Everyone knows how to use a GPS nowadays. Simply plug in an address to the “Where to?” query from your GPS unit. But what if you don’t want to go on the quickest or shortest route from point A to Point P. Or what if you want to go on side routes along the way and don’t want to have to add all these points to your GPS on the fly. Well, there is a way. Create a routable, drivable map and transfer it to your GPS. For this to work, you need a Garmin-based unit, although I suspect there are means to do so for other manufacturers.
What we want to end up with is a .gpx file. But there are a few steps. And remember, this is for a Garmin.
1) Head over to Google Maps. Plot out your track. One of my favorite features of Google maps is the option “Avoid Highways.” I hate highways. I hate the ho-hum of highways. I hate the high-speed, get-you-there-fastest of highways. I prefer the backroads. That’s where ‘merica is in my opinion. After plugging your route in:
Which results in Google Maps with something like this:
2) Next copy the URL. For Chesapeake to Washington to Asheville to Chesapeake (avoiding highways), I get a long string that looks like this (which you can click on at this point and get the above map):
3) Now, head over to GPS Visualizer here:
Do three things:
Select output to GPX
Paste the URL you just copied in to the URL field
Then hit convert. You end up with a screen like this:
4) Right click the “Click to Download” and save the file wherever you are keeping your tracks.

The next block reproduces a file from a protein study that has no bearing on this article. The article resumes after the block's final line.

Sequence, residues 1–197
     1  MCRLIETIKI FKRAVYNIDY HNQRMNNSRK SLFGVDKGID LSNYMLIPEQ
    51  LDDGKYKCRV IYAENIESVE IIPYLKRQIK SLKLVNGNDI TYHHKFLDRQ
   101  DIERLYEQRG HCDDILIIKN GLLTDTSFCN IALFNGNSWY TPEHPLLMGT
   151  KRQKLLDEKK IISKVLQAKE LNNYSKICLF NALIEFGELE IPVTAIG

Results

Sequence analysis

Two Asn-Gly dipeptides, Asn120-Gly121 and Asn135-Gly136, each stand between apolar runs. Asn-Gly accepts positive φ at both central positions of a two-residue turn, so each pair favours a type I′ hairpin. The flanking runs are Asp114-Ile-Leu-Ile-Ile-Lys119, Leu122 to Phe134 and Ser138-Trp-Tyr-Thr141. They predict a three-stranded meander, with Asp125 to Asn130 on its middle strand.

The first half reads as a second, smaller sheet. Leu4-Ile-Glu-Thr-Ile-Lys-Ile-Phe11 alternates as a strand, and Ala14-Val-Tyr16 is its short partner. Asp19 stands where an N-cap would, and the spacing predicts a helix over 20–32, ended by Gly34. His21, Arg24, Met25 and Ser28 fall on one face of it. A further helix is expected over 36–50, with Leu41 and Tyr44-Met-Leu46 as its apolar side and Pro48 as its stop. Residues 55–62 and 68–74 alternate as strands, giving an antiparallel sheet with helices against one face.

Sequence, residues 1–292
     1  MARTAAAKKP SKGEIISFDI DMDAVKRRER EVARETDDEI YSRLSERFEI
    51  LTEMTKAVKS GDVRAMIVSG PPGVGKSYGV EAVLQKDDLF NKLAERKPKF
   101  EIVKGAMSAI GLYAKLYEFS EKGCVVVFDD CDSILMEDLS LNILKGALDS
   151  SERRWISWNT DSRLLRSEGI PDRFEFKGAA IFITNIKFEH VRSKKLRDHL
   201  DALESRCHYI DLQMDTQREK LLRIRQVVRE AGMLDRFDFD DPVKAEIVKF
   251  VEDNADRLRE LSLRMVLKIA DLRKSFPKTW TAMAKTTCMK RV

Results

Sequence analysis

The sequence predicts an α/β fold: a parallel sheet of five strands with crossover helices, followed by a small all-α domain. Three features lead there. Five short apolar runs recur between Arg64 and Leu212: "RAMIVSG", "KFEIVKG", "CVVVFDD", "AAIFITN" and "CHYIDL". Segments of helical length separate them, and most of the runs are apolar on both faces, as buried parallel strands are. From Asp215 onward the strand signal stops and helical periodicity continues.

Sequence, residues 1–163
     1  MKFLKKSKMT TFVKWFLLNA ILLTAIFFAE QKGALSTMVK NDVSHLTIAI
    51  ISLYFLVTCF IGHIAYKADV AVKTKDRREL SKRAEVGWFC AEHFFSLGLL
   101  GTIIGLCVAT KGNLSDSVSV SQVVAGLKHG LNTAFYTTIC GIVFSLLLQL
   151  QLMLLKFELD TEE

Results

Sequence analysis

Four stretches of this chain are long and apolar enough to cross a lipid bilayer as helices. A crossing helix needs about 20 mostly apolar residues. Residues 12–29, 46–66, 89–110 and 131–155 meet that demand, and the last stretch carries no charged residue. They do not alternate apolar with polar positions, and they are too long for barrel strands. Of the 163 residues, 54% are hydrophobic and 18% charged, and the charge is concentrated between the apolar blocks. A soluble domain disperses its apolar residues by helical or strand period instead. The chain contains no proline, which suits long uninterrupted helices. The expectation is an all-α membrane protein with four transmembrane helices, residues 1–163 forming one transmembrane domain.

5) If you don’t have it, get the Garmin Basecamp App. It’s free. You can find it here:
6) Once Basecamp is open, import the gpx file you just created. When you zoom in you will see the track you created.
* To use basecamp, you must have your Garmin connected as it contains all the maps you need.
7) In the data window (bottom left), delete the tracks (indicated by footsteps) that Google created.
8) Select all the waypoints (again in the window in the bottom left) and right-click to create route from waypoints.
9) Here is where some detail work is required. Go into the Basecamp map and ensure your route worked as you intended. You may need to adjust settings (such as global settings within Basecamp, choosing avoiding highways, e.g.), or how Basecamp did your route. Basecamp is great in that you can drag waypoints just as in Google Maps.
10) Once you are satisfied with your route, right-click on the route (again, bottom right window), and select “Send to your Device.”
11) If you’re done, unmount your device (disconnect). Once you start up your Garmin, you will see that tracks have been detected and prompted to import them. Select yes.
12) So, where are your tracks? You need to select Apps and then Trips. There you will find your route that you created.
So, I’gone through all that. If you prefer you can watch this video, which is where I learned to do it. (Mind you, this guy is from NC and has a terribly slow speech – then again, I am from NC so didn’t mind it).